• As the legend goes: Melissa (meaning bee) cared for the infant Zeus while he was being hidden from his father, Chronos, the king of all the gods. Melissa fed Zeus a diet of honey that she stole from the hives. When she was discovered, she was turned into a lowly form of an insect. Zeus knew she kept him alive, so he turned her into a bee. Bees were considered a higher form of an insect.
  • Pan and Priapus protected and kept bees.
  • Mellonia was the Roman goddess of bees.

THE CHINESE:

  • The Chinese word for bee is feng.
  • In Chinese fairy tales (as in Europe) the bee helps young men to find the right bride.
  • The Chinese thought the bee was a fickle insect since it flew from flower to flower.

MESOAMERICA:

  • An important beverage, in Maya ritual, was balche, which was an alcoholic drink made of fermented honey and an extract of the bark of the purple-flowered balche tree (lonchocarpus longistylus). Balche was a ceremonial, recreational, and medicinal drink.

    Spirits can be distilled from anything which can be induced to ferment.

    Anything containing sugar can be turned into alcohol.

  • Another Mayan alcoholic drink was made of honey and water.
  • In the month of Mol (starting on December 3rd), the beekeepers held a festival so that gods might provide flowers for the bees.
  • In the month of Tzec (starting on October 4th) the Mayans made offerings to the four chac (rain) gods. They put beeswax candles on four separate plates. The plates had a border of figures or glyphs that represented honey. This was to bring abundance of flowers, which was the purpose of the ceremony. The festival ended with wine made from honey that the hive owners provided for all to drink.
  • Ah Muzencab was the bee god of the Mayan people. They were shown on the tops and bottoms of stone columns at Chichen Itza. They were represented by aged men with long beards and upraised arms. They wear loin cloths.
  • The Aztecs had a bee god.
  • Honey was the main source of sugar.
  • Honeycombs supplied bee's wax for candlemaking.
INDIA:

  • The Hindu gods Vishnu, Krisna, and Indra are called Mahhava, the "nectar-born ones," in the Rig Veda.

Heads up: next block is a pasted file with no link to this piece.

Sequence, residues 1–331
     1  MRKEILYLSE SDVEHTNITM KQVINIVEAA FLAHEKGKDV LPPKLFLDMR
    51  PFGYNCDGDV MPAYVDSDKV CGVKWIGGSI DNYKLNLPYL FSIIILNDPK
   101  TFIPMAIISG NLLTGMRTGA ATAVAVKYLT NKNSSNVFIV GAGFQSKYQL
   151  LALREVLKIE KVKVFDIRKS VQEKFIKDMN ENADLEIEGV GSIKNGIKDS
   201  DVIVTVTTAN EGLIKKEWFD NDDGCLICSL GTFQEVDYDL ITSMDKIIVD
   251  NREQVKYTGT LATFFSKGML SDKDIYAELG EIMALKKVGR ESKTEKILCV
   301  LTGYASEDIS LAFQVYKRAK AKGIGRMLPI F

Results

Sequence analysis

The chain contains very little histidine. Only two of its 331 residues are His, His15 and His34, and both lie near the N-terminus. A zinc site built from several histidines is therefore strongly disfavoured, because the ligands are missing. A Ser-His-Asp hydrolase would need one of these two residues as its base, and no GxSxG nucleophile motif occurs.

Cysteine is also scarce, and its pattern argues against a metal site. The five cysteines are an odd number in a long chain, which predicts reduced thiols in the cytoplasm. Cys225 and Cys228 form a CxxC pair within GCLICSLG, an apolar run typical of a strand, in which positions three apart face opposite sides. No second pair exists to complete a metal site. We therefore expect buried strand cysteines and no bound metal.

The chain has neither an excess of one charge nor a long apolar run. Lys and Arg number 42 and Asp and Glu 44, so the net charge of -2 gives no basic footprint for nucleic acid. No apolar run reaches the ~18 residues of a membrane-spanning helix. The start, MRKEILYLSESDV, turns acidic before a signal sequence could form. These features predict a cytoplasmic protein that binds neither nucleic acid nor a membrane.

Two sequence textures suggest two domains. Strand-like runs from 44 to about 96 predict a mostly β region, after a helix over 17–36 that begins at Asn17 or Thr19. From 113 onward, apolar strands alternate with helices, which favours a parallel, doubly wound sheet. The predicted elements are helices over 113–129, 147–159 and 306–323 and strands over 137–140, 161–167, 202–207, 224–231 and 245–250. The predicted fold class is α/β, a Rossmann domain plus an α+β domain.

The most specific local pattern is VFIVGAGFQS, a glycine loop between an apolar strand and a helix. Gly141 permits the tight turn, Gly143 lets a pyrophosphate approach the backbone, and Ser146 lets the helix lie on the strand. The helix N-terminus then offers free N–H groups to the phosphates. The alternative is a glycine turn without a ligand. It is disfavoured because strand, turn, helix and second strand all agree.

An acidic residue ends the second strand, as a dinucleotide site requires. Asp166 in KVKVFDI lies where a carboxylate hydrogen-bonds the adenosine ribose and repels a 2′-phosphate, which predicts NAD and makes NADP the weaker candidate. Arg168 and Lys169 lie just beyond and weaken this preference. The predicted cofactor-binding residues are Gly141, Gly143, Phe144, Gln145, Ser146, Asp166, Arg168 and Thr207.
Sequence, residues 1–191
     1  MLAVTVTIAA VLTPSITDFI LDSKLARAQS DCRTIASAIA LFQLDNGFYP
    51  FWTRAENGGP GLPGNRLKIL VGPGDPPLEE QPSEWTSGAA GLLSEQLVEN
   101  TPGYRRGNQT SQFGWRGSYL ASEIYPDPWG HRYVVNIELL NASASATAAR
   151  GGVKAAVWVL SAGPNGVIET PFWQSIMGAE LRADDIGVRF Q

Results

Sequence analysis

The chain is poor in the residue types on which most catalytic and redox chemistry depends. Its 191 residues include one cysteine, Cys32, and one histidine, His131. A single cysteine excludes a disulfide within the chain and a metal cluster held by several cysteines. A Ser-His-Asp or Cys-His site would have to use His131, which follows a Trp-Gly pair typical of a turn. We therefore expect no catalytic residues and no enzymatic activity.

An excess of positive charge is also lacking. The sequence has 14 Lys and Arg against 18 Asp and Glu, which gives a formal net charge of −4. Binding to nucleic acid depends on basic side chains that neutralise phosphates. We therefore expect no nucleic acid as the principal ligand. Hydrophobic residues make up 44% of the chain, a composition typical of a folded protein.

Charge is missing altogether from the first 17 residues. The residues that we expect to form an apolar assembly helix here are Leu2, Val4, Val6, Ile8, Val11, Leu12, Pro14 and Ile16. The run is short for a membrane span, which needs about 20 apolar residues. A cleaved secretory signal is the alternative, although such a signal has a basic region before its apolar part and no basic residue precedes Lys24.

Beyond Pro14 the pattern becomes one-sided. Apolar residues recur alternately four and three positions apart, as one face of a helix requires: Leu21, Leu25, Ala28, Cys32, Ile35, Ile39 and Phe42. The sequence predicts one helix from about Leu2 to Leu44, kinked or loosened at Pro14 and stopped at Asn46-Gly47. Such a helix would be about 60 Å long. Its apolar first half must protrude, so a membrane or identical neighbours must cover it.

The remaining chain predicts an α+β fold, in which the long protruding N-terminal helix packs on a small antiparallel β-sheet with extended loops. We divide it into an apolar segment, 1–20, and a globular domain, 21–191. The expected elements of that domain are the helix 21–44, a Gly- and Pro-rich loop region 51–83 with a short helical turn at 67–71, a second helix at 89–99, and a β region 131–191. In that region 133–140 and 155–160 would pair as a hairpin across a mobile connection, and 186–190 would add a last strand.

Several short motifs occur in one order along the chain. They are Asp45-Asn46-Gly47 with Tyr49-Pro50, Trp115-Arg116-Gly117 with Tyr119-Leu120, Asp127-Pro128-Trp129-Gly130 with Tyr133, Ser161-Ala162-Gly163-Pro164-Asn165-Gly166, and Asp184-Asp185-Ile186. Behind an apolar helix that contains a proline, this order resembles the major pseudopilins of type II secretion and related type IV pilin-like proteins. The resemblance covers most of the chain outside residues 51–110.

• Vishnu was normally depicted as a blue bee sitting on a lotus, while Krishna has a blue bee on his forehead.
  • Karma, the Hindu god is portrayed as a bee on a lotus.
  • Shiva is a bee above a triangle.

VIKINGS:

The Finnish Kalevala tells how Lemminkainen was restored to life by magic honey from Mehilainen, the bee.

CHRISTIANITY:

  • The bee is called "The Bird of Our Lady" OR "The Bird of Our Lord," since the bee symbolizes the soul.
  • St Ambrose likened the beehive to the Church, and the devout parishioners to the bees, who collected only the best flowers and eschewed the smoke of arrogant pride. Bees symbolized purity and abstinence.
  • Bernard of Clairvaux thought of bees as the symbol of the "Holy Ghost."
  • The bee was a royal symbol.
  • The sweetness of honey symbolized the eloquence of St Ambrose and St. John Chrysostom. Sweetness was the symbol of Christ and his divine mercy. However, a strong sting came with the Last Judgment.
  • The bee is carved on caskets and tombstones to represent the resurrected soul.
  • It is unlucky to kill a bee, since it is the servant of God.
  • A Virgin is thought to be able to pass through a swarm of bees without getting stung.
    Pope Urban's COA

  • Pope Urban VIII arms featured the Italian Barberini honeybees.

POLAND:

Knipnikas is a Lithuanian honey liquor, similar to mead ((a fermented liquor of honey and yeast), but with ginger, cloves, and nutmeg for flavor.

IN HERALDRY:

In heraldry, bees usually appear in groups, as in the arms of the Corsican Buonaparte family. They symbolized diligence and a sense of order.

SOURCES:

Biederman, Hans. Dictionary of Symbolism New York: Meridian Books, 1992.

Biggle, Jacob. Biggle Bee Book. Philadelphia: Wilmer Atkinson Co., 1913.

Buxton, Simon. The Shamanic Way of the Bee. Rochester, Vt.: Destiny Books, 2004.

Conway, D.J. Animal Magick. St Paul: Llewellyn Publications, 2001.

Jordan, Michael. Encyclopedia of Gods. New York: Facts on File, Inc., 1993.

Saunders, Nicholas J. Animal Spirits [part of the "Living Wisdom" Series]. Alexandria, VA: Time-Life Books, 1995.

Sparrow (editor), Linda. Ancient Healing. Lincolnwood, IL.: Publications International, Ltd., 1997.

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Last updated on August 3, 2006.